What is HDR

By Gavin  Nov, 21, 2010  


For general photography, the results you get with today’s digital cameras are about as good and sometimes better than as the results you get with film cameras. Computer graphics has achieved the goal of photorealism. Now the goal is to go beyond simply matching paper and silver halide – to create display technologies which can present any visual stimuli our eyes are capable of seeing.

One area of rapid development is in dynamic range. A new crop of technologies using High Dynamic Range imaging (HDR or HDRI) aim to extend the dynamic range of digital imaging technologies way beyond traditional media.

About Dynamic Range

Dynamic range refers to the range of brightness levels that exist in a particular scene – from darkest – before complete and featureless black, to lightest – before complete featureless white. In photography (rather than in sensitometry or printing) this is measured in stops, with each F stop being a doubling or halving of the amount of light being received by the recording medium, be it film or a digital sensor.

For the sake of this discussion, let’s assume that a typical colour transparency film or digital camera sensor can record 6 stops of dynamic range. Most people would agree that colour negative can record about one stop more and B&W film maybe an additional stop as well. So, somewhere between six and nine stops of brightness level is what most photographic systems are capable of recording.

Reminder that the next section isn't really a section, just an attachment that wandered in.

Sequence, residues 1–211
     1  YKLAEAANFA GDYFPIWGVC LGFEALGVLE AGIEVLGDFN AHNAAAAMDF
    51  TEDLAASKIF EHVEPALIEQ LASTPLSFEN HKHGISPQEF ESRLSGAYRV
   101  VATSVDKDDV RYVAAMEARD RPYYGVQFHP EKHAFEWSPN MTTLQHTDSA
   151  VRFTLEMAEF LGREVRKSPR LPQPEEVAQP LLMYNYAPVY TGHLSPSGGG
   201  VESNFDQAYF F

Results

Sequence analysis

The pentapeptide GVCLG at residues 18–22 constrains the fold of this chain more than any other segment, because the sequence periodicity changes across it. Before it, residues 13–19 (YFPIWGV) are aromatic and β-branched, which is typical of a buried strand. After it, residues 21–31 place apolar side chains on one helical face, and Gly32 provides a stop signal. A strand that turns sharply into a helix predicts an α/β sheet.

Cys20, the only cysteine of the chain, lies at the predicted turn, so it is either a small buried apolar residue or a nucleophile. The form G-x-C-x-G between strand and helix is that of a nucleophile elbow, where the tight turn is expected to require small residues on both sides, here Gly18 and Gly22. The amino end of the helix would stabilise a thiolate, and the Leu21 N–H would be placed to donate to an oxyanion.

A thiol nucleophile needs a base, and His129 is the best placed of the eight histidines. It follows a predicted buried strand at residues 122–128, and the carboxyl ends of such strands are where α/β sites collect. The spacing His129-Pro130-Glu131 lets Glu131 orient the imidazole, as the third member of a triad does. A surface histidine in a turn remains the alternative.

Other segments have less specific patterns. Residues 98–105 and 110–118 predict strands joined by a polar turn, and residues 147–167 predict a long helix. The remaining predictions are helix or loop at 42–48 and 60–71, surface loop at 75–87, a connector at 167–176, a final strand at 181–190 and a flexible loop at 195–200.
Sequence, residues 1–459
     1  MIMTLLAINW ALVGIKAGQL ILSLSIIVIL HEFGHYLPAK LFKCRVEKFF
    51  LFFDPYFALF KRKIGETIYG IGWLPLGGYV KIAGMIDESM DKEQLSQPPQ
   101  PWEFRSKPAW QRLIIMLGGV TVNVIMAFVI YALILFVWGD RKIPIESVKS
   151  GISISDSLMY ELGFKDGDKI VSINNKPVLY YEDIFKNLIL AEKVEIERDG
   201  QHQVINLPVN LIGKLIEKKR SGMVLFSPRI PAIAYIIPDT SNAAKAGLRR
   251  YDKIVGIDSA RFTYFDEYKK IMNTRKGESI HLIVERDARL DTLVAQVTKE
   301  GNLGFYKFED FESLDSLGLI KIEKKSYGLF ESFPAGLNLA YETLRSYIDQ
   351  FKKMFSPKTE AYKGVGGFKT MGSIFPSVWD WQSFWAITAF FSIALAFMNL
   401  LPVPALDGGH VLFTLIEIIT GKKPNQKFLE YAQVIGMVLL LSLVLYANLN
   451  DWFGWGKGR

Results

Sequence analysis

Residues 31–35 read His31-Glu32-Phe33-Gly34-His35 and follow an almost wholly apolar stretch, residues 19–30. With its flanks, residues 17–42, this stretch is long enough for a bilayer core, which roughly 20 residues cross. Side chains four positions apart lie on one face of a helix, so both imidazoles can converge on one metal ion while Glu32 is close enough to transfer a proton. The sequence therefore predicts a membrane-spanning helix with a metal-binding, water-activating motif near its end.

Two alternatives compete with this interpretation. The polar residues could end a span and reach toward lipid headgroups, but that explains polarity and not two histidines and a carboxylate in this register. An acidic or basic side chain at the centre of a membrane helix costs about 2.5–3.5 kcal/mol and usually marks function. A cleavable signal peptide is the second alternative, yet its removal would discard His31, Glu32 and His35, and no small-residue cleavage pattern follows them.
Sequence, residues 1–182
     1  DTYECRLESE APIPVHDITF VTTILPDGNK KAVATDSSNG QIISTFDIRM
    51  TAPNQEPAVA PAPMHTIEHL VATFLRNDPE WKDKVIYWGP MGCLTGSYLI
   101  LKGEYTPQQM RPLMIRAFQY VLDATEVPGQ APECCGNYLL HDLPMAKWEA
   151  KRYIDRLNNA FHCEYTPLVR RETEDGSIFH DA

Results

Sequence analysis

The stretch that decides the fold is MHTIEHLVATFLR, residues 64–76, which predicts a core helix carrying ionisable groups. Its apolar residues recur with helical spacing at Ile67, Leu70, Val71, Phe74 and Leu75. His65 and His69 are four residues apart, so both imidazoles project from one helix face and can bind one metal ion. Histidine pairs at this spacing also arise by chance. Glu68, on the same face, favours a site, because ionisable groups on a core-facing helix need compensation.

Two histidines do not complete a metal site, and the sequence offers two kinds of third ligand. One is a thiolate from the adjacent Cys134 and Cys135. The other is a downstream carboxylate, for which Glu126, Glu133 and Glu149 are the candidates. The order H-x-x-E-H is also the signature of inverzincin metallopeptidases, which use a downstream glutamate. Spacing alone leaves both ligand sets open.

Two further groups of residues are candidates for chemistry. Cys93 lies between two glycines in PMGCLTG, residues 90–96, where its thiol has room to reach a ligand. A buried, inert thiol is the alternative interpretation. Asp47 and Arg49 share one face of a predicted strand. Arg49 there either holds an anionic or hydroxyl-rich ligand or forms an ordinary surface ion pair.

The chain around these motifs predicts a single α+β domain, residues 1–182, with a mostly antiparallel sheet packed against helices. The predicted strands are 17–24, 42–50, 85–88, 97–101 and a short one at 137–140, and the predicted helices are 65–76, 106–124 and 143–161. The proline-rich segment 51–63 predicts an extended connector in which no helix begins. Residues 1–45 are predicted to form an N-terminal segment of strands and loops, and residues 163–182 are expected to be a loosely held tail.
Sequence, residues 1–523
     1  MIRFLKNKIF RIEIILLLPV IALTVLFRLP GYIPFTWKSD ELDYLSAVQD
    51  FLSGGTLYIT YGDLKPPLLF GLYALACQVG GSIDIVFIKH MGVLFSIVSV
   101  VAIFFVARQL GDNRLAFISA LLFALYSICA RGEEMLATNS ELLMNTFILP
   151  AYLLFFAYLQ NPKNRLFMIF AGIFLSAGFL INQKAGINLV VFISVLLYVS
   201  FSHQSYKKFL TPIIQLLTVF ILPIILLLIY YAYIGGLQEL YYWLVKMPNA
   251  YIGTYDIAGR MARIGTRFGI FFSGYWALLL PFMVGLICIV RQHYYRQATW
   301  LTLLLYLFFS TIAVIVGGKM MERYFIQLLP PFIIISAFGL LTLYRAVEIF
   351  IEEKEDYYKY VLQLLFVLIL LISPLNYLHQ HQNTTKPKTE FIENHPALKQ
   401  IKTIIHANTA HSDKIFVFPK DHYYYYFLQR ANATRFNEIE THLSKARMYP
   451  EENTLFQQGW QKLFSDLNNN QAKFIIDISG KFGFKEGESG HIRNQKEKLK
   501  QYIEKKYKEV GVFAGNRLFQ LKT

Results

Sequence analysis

I’ll just note parenthetically that with film there is a shoulder and toe to any film’s dynamic range curve, where values flatten out, and with digital sensors there is the question of noise acceptability in the lower values. Each of these fuzzys the exact values that various photographers can agree upon when it comes to the dynamic range that a particular film/developer combination, or sensor, can produce. I have no desire to enter that particular debate at this time.

So, if for the sake of discussion we will use the number of 6 stops of dynamic range as being what a typical film or sensor can record, we now see the problem that HDR attempts to address. Namely, to capture more dynamic range. While the majority of day to day scenes are easily handled by this dynamic range, there are situations, especially for the landscape photographer, where more is needed.